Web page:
Wednesday, May 4, 2011

What Happens After We Die: Inclusivism II

We continue our talk on what happens after we die by delving further into the subject of inclusivism, which posits that people who do not know Christ directly or perfectly will be included in the salvation he has wrought.

Even the case of the immature and the infirm being included in salvation is anything but airtight. At best a hopeful biblical principle, rather than an explicit statement, can be derived for their salvation. As I see it, three possible grounds exist for inclusivism concerning the immature and infirm: (1) infants have nothing to repent of and so would be included in Christ's resurrection; (2) the immature and infirm are not able to apprehend creation's witness of God, are not truly able to meet the condition of salvation (faith in Christ), and so would be included in the provision of atonement which was made for everyone; and (3) the children of a believer are included in the the body of Christ unless they decide not to believe.

I do not see how infants could have anything of which to repent. Even though they are born into sin and death, separated from God, they have not sinned personally. They have not even had the opportunity to ignore God's witness in creation, so including them in judgment would seem a travesty of justice. It is a God-given principle that children are not made to pay for the sins of their fathers, so it would appear they must be safe.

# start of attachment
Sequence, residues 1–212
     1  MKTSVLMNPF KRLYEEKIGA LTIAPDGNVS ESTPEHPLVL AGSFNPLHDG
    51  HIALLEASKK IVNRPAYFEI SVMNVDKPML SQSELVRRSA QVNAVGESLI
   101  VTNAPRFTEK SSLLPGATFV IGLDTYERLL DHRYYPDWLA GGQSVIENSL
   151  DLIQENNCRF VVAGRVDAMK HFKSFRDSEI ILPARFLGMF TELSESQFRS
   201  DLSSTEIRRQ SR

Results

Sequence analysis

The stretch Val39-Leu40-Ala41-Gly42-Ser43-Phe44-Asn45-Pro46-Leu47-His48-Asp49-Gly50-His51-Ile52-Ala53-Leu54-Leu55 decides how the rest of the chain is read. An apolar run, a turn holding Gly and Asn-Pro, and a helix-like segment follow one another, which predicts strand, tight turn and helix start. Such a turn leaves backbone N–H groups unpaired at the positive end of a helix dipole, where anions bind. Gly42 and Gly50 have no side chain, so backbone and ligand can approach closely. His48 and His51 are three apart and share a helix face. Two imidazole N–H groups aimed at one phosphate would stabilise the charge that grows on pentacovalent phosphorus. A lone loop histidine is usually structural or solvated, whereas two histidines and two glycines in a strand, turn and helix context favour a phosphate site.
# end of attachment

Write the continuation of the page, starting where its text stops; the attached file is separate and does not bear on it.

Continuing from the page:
We do have some disturbing precedents in scripture, however. I wonder, how many infants died in the Flood, or why infants and children were killed by the invading Israelites under the command of God? It seems evident to me that there are mysteries in understanding how God views the situation of children. I search in vain for that one clear, unequivocal passage of scripture that answers these questions.

To me, inclusivist doctrines purporting to understand what God will do in these instances reflect more what the author would like God to do than they report what God said he would actually do. Given Christ's universal atonement, I see the logic in formulating an exclusion to the condition of faith in Christ for those incapable to express such faith through disability. What I do not see is that clearly demonstrated by scripture.  

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